I’ve found that logo art comes out better if I don’t tell the artist what I want, so I gave Brandon little more information than the name of the tea and what it is (an Earl Grey lapsang souchong). If I could draw, I probably would have done something with a dude sitting in the middle of a burned-out town, his shotgun at his side, drinking a cup of tea as the zombies eye him from a distance. In other words, something way to complex to use as a logo.
Brandon came up with the skull and gas mask, with one of the air filters replaced by a teacup. Very simple, yet immediately recognizable. His original was a hand-lettered pencil sketch (see below), which I needed to colorize. Brandon’s shading was great, especially where the texture of the paper showed, so I just added solid blocks of color behind the skull, mask, and teacup.
I really, really wanted to put this one on a black background, and I just couldn’t seem to make that work using his text. I re-did the text using a fun font called “Disgusting Behavior,” stretched vertically to achieve the look and aspect ratio that I was after. A blood-red color for the text with a subtle glow and an emboss effect finished it off perfectly.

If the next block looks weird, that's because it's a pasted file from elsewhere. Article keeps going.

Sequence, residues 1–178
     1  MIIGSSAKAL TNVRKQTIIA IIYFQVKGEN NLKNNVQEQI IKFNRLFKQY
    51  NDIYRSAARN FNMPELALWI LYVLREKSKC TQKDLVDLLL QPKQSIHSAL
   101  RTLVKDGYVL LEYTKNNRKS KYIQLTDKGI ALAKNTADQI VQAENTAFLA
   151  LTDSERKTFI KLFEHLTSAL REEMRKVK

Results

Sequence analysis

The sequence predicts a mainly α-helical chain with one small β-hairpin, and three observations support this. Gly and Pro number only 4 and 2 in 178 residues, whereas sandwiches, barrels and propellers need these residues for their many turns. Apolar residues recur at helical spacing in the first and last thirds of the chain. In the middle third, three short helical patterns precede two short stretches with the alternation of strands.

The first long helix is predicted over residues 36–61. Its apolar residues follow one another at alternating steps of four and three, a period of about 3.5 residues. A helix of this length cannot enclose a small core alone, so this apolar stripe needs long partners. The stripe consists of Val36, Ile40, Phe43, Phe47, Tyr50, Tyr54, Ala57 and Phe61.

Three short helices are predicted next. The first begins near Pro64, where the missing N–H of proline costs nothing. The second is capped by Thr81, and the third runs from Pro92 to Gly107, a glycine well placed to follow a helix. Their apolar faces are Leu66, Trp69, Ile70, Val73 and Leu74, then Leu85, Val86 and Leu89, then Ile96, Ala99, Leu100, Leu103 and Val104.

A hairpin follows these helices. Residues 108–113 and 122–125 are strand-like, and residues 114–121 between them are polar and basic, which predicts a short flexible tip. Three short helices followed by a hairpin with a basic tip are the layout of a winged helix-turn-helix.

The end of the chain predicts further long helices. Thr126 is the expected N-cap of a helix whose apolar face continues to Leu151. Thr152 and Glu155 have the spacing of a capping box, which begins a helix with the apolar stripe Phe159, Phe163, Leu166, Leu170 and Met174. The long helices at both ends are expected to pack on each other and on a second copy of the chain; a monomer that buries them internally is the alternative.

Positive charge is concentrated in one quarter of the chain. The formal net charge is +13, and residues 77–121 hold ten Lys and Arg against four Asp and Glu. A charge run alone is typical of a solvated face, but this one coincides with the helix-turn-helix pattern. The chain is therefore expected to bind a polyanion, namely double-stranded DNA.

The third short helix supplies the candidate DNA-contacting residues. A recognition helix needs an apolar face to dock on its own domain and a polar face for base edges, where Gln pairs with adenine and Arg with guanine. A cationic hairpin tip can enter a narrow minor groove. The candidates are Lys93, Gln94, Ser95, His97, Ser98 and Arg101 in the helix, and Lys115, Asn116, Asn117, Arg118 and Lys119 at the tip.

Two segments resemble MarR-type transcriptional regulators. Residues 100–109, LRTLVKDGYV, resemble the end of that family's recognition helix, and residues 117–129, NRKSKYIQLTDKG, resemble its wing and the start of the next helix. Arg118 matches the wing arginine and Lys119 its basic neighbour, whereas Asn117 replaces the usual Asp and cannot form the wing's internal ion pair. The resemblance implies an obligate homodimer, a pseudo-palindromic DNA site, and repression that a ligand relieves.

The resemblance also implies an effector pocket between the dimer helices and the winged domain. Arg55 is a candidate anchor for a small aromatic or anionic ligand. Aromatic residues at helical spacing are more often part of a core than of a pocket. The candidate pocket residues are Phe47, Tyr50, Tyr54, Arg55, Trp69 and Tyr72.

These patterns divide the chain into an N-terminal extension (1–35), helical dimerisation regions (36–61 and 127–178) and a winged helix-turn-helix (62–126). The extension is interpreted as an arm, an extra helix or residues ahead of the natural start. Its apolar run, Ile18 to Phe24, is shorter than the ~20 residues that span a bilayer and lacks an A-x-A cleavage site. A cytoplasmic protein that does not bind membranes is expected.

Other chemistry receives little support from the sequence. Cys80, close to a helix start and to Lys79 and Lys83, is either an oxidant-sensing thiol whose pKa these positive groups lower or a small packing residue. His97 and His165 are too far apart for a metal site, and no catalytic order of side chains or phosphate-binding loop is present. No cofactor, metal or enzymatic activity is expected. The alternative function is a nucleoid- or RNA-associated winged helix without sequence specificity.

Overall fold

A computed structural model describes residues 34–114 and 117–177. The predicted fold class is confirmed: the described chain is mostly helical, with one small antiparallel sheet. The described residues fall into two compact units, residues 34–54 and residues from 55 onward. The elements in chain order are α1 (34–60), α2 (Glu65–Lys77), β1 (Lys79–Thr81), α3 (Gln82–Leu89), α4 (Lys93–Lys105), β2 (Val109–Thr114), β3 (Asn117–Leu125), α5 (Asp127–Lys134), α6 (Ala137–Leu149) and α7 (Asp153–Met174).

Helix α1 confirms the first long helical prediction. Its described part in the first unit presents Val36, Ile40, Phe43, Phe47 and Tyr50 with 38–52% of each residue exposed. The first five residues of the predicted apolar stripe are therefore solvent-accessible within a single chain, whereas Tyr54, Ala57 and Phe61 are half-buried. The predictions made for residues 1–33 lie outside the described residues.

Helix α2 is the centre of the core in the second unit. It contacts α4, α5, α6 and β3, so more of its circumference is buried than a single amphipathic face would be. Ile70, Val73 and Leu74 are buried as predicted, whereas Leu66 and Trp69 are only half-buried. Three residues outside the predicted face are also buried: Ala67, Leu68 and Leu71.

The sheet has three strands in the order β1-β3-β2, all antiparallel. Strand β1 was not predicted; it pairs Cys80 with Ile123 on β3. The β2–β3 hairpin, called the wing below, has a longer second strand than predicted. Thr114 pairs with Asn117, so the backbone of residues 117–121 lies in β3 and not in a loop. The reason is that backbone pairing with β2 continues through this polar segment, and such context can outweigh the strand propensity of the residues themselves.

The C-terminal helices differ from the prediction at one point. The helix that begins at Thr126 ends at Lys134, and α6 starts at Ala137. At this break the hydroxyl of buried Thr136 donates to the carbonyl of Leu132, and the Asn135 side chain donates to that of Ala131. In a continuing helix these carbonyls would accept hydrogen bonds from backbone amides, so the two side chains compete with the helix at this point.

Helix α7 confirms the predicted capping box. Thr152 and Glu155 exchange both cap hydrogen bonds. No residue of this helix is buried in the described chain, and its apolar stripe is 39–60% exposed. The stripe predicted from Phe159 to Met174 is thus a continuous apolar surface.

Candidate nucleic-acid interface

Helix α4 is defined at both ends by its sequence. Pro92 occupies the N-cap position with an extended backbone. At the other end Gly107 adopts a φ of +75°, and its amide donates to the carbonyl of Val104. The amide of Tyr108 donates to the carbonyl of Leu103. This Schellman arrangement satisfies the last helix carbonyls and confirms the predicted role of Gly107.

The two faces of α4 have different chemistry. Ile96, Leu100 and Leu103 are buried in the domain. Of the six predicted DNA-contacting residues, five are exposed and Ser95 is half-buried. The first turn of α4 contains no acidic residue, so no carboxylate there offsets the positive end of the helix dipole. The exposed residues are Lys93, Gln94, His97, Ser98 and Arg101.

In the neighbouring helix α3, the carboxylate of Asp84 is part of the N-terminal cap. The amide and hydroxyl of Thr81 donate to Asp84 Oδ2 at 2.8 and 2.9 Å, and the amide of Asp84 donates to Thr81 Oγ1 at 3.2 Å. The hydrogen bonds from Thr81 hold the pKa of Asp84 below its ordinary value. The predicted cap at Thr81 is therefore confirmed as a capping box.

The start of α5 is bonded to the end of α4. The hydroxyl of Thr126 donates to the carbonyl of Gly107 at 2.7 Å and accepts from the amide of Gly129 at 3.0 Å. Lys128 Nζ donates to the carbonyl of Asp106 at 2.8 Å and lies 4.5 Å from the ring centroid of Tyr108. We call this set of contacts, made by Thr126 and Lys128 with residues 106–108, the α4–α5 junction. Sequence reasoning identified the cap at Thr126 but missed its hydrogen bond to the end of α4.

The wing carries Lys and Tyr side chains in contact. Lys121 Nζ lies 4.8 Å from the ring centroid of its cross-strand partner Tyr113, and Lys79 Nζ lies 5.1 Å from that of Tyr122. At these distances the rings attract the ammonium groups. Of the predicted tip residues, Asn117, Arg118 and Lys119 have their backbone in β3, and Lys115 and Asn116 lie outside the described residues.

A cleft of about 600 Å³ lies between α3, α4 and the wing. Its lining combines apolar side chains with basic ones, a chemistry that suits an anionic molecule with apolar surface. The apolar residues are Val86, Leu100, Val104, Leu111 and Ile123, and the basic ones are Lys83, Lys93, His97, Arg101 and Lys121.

For comparison, here is Brandon’s original pencil sketch (below) and the final logo (above). You can click on the final logo for a larger image.
This whole program of guest artists for tea logos (kicked off by Al Jones and his Hammer & Cremesickle logo) has been a blast. Thank you very much to Brandon for the artwork, and watch this space for guest logos by husband and wife team Doug and Suzanna Bailey, coming up soon.
I’ve written about cooking with lapsang souchong here before, but we decided to try something new for the Chamber of Commerce party at the bookstore/tea bar last month (the same one where we served the Hipster Hummus and the Orange Spice Carrot Cake Muffins).